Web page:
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Ron Hart Columns: Let children discover life on own terms

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Let children discover life on own terms

September 2, 2007 - Panama City News Herald

By Ron Hart

At some point, our village elders decided that a boy becomes an adult at 18. I am convinced this was determined by folks who had never met any 18-year-olds.

My son leaves for college this week, and I have to learn to temper my expectations both for his grades and his tenure at his chosen institution of higher learning. He started early with summer school, a strategy adopted by colleges to steer kids away from actually working at a summer job. Too much reality detracts from the soft theoretical la-la land of college.

There is this built-in societal pressure for parents to ride kids hard to make good grades, and I wonder if we are not just driving both ourselves and the kids nuts by doing so. Kids have to have a light on and want to learn something. It is at that point that they get interested and absorb information that they seek out themselves. Certainly, it is not having to read Chaucer.

We probably overeducate many kids in the U.S., well beyond their interest in school and, in many cases, their abilities. The reality is that college is just a place to store a kid in the hope that he or she grows up by the time they are done. They learn many life lessons there, such as how much liquor they can hold and how to pay speeding and parking tickets.

My son took a less difficult route than my daughter. She is at Vanderbilt. He felt that he wanted to go to a big state SEC school, and our state, which is 49th in education, was a bit ambitious, so he went to Mississippi to college - securely the 50th-ranked state.

He is leaving nothing to chance by letting hard classes get in the way of his college experience. At his age, some kids drink from the fountain of knowledge, but he will only gargle and spit it out - probably on a fraternity pledge.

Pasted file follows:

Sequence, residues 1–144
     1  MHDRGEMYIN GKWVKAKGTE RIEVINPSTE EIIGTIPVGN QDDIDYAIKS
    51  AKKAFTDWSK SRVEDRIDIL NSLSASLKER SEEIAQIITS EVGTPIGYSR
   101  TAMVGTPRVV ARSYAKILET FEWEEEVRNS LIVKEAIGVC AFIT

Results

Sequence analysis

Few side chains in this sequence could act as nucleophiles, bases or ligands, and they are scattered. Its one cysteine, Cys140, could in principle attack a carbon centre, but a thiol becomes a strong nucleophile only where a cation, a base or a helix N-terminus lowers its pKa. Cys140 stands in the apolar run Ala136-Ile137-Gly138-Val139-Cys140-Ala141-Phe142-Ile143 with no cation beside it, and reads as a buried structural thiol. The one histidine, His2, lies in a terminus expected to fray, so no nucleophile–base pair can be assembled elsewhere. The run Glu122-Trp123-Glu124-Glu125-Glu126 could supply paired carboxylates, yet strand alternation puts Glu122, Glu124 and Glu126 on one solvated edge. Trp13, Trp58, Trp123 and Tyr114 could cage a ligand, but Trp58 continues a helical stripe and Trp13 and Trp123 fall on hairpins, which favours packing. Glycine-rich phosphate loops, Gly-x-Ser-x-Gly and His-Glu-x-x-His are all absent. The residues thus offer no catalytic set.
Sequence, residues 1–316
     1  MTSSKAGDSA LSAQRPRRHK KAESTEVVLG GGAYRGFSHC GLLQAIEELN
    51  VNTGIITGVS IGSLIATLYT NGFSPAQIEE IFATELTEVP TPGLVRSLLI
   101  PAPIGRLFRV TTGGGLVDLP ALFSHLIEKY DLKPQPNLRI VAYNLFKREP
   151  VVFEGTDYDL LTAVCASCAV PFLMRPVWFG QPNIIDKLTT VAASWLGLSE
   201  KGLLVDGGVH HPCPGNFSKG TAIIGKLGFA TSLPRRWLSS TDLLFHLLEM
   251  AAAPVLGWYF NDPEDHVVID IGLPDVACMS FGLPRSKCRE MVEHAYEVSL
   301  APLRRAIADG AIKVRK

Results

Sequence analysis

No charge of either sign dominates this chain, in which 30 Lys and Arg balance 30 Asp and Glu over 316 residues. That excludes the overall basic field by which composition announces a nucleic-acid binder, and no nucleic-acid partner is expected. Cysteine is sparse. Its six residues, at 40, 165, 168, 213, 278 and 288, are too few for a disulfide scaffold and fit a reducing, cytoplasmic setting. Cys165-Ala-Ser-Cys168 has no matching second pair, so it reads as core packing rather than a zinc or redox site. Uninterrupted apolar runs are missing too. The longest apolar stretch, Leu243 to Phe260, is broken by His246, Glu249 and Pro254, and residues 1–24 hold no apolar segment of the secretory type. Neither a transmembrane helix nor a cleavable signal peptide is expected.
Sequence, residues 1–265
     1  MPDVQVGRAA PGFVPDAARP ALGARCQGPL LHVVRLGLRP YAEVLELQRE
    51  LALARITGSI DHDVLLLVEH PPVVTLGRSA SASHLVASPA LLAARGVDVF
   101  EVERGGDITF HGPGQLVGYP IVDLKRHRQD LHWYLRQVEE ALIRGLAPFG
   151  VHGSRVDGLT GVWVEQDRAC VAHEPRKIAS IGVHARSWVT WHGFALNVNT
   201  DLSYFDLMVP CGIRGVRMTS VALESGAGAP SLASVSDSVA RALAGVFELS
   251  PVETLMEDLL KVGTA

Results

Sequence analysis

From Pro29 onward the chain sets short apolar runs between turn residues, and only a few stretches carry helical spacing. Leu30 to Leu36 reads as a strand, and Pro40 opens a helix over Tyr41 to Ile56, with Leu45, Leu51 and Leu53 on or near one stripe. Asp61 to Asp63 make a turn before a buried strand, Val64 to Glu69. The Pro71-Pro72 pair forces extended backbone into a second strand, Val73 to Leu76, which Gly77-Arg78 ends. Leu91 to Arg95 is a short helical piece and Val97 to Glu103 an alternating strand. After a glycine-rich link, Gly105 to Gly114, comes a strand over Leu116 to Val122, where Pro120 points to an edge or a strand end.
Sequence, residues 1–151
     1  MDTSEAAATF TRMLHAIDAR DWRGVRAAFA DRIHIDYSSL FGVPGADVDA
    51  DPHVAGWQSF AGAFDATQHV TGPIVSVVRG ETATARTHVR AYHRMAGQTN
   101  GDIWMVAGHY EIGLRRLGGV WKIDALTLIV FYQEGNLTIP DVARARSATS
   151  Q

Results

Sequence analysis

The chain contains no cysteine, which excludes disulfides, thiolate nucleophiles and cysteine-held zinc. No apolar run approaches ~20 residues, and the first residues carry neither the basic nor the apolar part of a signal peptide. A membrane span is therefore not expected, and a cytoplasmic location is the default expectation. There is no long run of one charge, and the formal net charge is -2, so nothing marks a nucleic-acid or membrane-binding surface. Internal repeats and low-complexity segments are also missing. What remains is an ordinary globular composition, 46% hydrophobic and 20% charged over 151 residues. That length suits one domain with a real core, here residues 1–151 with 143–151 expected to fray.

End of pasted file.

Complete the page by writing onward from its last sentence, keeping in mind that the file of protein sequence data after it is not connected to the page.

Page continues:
On the bright side, he does have some college goals in mind aside from dressing nice and dating many coeds. He said that Ole Miss was ranked the fifth-best party school, yet he felt strongly that he and the few kids going over with him from his high school could quickly get it to No. 3.

As those of us who went to universities can attest, most of a student's education occurs outside of the classroom. And with the tenured ultra-liberal professors harbored on today's campuses, that is a good thing. As parents, we risk entrusting these malleable minds to these teachers who have strong liberal opinions on everything, including where their coffee beans are grown. Yet, Ole Miss is not as bad as most colleges; I understand it has one professor who voted for a Republican once.

As parents, we have to let our children go and discover life on their own terms. By 18, the die is probably cast. My son's view seems to be that the sooner he gets behind in school, the more time he has to catch up. It will be fun to see if this pans out for him in college.

A friend reminded me of a scene from "Sanford and Son," one of my favorite shows when I was growing up. The father, Fred Sanford, said to his son Lamont: "Didn't you learn anything from being my son? What do you think I'm doing this all for?"

Lamont Sanford answers: "Yourself."

Fred: "Yeah, you learned something."

Parents who push their kids too hard are doing it for themselves and not for the kid. Like any successful endeavor, one has to want to do it on one's own. All we can hope is to keep our kids positive and safe until that light comes on someday and they find something that they really want to pursue. And it is rarely what we parents had in mind.

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Columns by Ronald Hart. Ron grew up in Tennessee and began writing a column for his hometown paper in 2002. He attended The University of Memphis and the Institute for Political and Economic Systems at Georgetown University. Ron graduated Magna Cum Laude and was elected student government president. Upon getting his MBA, he went to work for Goldman Sachs. He was appointed to the Tennessee Board of Regents by then Governor Lamar Alexander and is now a private investor. He appears on CNN and has been quoted in numerous publications including the Wall Street Journal. His columns reflect a rare combination of Southern libertarian views and humor. They have been described as "Lewis Grizzard meets P.J. O'Rourke with a dash of Will Roger's horse sense". His columns are carried by 30 newspapers with a total weekly circulation of approximately 1 million readers.